In late February, India’s capital city experienced inter-communal riots the likes of which it had not seen since the 1980s. Mobs descended on poor mixed neighbourhoods, attacking Muslims and ransacking their houses and businesses. Over 50 people died as a result of the violence that ensued.
The violence came as thousands of people – Muslims and non-Muslims – had been protesting for weeks against the controversial Citizenship Amendment Act (CAA) which, along with a nationwide National Population Register is being seen as a move to disenfranchise millions of Muslims and, in the process, make life difficult for all of the country’s poor.
The protests have been met with severe opposition by the BJP. Barely a month before the violence broke out, the ruling Bharatiya Janata Party (BJP) ran a deeply polarising campaign in the local Delhi elections, supplemented by even more radical anti-Muslim propaganda on pro-government television channels and social media.
The BJP’s loss to a local party compelled some commentators to declare that it would have no choice but to tone down its use of communal rhetoric and focus on policy issues. However, the Delhi riots demonstrate that the party is far from abandoning the politics of hate and, in fact, may escalate further.
Inter-communal incitement has reached such proportions in India under the BJP that it is no longer possible to dial back. Communal fault lines have existed in the subcontinent for ages, deepened irrevocably by the bloody partition of India in 1947. The BJP’s propaganda exploits these fault lines to turn India’s unemployed and undereducated youth into its foot soldiers and the country’s middle-class into armchair supporters of its politics of hatred. Frankenstein, once created, takes on a life of its own and is impossible to tame.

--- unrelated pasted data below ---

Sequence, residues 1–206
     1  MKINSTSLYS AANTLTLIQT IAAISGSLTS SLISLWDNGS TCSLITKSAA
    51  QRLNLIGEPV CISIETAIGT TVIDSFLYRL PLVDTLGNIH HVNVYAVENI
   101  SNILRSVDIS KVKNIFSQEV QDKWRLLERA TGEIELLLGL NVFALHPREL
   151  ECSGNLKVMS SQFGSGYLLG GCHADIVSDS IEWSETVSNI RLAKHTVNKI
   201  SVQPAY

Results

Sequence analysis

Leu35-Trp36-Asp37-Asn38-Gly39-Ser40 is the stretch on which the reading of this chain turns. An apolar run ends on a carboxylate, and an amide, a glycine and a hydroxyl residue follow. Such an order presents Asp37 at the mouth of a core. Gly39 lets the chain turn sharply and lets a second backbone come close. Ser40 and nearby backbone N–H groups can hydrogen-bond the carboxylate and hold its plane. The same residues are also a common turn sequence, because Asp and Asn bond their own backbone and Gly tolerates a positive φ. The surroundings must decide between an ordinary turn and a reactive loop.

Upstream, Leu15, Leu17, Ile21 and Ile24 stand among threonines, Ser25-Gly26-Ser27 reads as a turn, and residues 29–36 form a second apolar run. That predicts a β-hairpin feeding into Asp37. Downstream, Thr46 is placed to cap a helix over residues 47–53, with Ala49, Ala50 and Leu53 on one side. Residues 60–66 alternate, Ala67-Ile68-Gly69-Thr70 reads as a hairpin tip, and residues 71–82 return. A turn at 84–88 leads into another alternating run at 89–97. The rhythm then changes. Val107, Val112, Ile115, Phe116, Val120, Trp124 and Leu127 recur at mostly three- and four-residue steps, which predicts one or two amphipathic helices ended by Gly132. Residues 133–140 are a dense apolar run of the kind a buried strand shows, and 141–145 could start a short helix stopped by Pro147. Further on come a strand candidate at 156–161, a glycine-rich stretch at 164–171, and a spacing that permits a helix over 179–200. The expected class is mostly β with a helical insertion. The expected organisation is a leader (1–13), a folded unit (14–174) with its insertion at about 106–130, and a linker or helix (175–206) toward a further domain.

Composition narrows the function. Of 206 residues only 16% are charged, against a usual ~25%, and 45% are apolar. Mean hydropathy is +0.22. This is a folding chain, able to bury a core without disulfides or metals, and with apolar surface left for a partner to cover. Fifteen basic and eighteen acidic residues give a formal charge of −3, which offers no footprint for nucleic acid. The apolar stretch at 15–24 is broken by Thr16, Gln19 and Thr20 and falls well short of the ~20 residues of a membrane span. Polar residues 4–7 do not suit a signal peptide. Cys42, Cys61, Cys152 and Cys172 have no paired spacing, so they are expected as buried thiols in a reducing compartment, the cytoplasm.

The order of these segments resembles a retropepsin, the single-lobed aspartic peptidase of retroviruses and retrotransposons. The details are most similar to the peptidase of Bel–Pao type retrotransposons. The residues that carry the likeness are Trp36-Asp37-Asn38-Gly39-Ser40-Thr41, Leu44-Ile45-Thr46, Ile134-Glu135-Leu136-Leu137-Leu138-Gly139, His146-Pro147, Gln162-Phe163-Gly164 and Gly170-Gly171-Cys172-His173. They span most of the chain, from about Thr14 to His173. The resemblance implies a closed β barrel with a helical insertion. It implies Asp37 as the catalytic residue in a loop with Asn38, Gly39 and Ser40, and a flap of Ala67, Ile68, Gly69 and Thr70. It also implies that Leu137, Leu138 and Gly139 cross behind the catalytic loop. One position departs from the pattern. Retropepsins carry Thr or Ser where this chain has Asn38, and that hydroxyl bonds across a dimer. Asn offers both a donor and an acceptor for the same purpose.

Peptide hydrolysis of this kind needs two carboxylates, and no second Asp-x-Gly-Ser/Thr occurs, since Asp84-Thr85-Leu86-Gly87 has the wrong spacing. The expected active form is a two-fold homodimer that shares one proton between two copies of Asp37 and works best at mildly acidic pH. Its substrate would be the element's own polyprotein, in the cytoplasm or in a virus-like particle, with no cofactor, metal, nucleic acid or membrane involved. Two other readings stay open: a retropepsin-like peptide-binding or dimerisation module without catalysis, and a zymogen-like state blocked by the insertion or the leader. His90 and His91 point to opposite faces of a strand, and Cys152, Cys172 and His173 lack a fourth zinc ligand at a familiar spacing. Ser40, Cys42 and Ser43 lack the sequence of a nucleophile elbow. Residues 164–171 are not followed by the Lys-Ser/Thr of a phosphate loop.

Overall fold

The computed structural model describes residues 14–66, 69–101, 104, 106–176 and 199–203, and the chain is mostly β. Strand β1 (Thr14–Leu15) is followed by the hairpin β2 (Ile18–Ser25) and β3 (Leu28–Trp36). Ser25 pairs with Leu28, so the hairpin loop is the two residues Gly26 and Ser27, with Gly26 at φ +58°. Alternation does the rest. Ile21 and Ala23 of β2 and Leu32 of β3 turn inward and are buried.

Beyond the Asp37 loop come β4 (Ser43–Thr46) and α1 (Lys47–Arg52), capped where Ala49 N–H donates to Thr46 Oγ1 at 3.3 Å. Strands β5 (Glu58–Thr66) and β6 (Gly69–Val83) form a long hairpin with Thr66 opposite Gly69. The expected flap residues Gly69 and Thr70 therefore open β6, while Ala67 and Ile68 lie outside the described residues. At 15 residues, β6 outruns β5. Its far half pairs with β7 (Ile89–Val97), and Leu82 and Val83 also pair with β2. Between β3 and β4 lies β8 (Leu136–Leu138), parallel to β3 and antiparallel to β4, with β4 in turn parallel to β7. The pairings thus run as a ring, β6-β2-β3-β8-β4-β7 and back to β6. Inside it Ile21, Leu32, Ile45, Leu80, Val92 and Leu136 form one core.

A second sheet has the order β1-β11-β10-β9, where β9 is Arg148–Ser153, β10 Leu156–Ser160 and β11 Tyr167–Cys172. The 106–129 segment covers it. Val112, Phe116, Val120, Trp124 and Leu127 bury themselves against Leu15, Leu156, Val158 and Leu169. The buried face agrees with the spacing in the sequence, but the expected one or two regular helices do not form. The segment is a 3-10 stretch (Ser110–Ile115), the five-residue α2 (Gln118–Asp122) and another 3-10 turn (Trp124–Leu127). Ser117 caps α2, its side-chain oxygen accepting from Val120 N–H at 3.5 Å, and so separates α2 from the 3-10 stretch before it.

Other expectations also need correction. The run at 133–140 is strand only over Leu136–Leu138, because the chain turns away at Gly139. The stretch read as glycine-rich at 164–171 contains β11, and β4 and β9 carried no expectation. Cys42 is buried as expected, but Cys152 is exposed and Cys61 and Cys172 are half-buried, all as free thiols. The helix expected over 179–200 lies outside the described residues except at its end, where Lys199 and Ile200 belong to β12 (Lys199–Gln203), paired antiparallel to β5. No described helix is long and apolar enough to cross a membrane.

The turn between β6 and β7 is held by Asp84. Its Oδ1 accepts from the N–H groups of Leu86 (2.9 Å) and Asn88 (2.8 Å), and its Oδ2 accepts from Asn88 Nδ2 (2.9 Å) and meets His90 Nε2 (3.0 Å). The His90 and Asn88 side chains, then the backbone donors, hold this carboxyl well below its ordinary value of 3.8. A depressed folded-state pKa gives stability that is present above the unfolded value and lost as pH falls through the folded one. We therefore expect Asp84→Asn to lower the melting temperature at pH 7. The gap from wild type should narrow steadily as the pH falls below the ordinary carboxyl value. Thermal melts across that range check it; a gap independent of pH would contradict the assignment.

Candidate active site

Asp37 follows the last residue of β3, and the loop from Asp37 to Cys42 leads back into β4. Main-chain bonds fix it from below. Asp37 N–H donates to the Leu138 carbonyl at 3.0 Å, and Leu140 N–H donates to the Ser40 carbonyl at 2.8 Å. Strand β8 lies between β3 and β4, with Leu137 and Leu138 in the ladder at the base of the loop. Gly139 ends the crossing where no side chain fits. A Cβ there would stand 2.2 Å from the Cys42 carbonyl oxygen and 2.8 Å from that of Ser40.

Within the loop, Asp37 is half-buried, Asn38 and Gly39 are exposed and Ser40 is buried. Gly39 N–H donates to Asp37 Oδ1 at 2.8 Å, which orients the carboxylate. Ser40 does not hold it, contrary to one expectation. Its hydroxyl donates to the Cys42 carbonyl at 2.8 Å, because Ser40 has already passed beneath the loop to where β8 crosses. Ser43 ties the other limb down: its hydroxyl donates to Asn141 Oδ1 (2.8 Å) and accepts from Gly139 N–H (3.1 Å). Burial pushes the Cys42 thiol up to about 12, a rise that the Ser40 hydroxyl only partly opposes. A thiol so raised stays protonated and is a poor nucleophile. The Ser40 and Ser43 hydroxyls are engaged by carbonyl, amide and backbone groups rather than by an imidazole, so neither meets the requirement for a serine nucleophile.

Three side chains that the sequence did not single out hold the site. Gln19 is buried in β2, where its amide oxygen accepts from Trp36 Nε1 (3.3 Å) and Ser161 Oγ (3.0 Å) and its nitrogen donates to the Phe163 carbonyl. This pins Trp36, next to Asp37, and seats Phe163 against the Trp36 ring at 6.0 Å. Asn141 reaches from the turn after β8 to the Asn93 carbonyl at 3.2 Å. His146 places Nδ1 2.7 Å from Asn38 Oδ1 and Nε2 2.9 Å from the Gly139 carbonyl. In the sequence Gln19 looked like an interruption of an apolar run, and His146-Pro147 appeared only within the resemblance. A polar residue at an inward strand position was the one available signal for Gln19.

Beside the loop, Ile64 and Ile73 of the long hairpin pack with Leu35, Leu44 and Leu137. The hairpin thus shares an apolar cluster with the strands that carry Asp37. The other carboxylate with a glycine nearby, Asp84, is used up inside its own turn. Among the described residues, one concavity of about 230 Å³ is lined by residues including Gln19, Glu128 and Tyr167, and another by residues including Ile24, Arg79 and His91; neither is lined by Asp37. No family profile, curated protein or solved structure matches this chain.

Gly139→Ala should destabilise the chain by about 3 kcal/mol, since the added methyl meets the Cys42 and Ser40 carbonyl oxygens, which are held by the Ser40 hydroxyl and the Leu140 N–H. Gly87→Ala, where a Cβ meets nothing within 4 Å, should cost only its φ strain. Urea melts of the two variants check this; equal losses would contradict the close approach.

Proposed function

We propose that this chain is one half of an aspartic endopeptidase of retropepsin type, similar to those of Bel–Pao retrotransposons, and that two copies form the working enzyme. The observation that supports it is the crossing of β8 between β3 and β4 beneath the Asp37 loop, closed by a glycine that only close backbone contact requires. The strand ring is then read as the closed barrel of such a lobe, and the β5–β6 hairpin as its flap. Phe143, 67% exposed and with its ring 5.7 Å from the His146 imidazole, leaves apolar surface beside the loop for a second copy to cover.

Even if the strategy does not always win elections in some localities, moving away from it would only mean losing an electorate which has already been electrified by anti-Muslim messaging.
Furthermore, the BJP’s anti-Muslim rhetoric is not merely opportunistic. It is more than a mere tactic to polarise voters and distract from an underperforming economy and goes to the very core of its raison d’etre. The party’s roots go back to a socio-cultural movement that advocates that India should be a Hindu country and rejects its inherently secular constitution.
The party was founded to further the agenda of transforming India into a Hindu majoritarian country and has come into power with that mandate. This is reflected not merely in its rhetoric but also its concrete policy decisions – from revoking Kashmir’s special status, imposing restrictions on its population and leadership, to criminalising triple talaq among Muslims and, most recently, passing the CAA.
In a bid to reduce Muslims to second class citizens in the country, the party is hollowing out India’s democracy and constitutional principles by co-opting institutions such as the judiciary election commission investigative agencies and the police force. It reached for archaic anti-free speech laws to crack down widely on dissidents, critics, journalists, political opponents and even peaceful protesters holding candle-lit vigils.